The Lord calls for His people to locate away from the cities, for in such an hour as ye
think not, fire and brimstone will be rained from heaven upon these cities. Proportionate
to their sins will be their visitation. When one city is destroyed, let not our people
regard this matter as a light affair, and think that they may, if favourable opportunity
offers, build themselves homes in that same destroyed city. . . .
Let all who would understand the meaning of these things read the eleventh chapter of
Revelation. Read every verse, and learn the things that are yet to take place in the
cities. Read also the scenes portrayed in the eighteenth chapter of the same book.--MR
1518 (May 10, 1906).
Fathers and mothers who possess a piece of land and a comfortable home are kings and
queens.--AH 141 (1894).
Cities to Be Worked From Outposts
As God's commandment-keeping people we must leave the cities. As did Enoch, we must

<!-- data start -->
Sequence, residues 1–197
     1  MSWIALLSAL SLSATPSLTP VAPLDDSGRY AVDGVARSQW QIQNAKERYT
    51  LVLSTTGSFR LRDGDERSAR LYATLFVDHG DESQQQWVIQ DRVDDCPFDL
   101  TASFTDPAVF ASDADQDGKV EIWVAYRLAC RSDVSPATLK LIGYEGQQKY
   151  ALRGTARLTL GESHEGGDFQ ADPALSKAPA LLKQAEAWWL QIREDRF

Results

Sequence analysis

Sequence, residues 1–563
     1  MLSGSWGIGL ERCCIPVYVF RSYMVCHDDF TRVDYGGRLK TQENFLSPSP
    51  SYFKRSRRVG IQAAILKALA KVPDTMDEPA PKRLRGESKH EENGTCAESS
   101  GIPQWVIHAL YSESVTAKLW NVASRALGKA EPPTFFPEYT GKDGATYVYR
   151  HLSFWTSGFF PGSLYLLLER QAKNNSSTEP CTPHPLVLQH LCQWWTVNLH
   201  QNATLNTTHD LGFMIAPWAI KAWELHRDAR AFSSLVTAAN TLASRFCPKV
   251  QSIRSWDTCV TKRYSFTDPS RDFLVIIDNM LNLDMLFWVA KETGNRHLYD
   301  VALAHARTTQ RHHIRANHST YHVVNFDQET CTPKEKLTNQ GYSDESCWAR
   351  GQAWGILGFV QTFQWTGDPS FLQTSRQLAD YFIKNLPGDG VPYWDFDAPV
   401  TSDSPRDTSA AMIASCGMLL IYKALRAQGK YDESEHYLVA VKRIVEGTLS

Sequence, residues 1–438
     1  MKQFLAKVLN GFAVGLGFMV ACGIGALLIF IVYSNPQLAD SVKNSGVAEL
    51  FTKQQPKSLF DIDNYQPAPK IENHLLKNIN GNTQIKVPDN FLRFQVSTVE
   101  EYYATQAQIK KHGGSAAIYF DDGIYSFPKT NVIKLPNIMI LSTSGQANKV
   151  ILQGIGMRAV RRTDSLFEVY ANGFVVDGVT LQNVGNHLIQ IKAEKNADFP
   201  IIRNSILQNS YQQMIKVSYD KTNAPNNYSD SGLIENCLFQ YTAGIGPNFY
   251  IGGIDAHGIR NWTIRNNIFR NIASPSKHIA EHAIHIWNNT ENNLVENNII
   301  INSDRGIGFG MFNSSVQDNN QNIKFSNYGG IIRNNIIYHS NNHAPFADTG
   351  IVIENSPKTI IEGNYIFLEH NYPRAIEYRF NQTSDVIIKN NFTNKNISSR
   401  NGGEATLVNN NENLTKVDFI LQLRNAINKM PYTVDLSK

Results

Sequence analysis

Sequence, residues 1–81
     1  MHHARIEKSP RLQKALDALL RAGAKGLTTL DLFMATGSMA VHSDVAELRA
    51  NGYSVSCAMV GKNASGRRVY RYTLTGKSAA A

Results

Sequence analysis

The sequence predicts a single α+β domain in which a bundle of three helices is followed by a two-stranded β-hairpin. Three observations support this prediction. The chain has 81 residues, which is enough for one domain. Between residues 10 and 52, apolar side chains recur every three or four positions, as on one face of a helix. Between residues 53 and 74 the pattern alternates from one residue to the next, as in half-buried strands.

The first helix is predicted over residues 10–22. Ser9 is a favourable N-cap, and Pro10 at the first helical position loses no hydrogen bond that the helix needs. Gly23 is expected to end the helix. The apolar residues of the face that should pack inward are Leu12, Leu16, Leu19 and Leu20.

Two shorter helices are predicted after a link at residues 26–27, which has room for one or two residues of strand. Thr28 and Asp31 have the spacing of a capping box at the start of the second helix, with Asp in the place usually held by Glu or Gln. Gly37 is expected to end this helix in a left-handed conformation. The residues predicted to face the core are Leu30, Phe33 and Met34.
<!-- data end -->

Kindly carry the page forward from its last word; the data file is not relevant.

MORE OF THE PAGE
work in the cities but not dwell in them.--Ev 77, 78 (1899).
The cities are to be worked from outposts. Said the messenger of God, "Shall not
the cities be warned? Yes, not by God's people living in them but by their visiting them,
to warn them of what is coming upon the earth."--2SM 358 (1902).
For years I have been given special light that we are not to centre our work in the
cities. The turmoil and confusion that fill these cities, the conditions brought about by
the labour unions and the strikes, would prove a great hindrance to our work.--7T 84
When iniquity abounds in a nation there is always to be heard some voice giving warning
and instruction, as the voice of Lot was heard in Sodom. Yet Lot could have preserved his
family from many evils had he not made his home in this wicked, polluted city. All that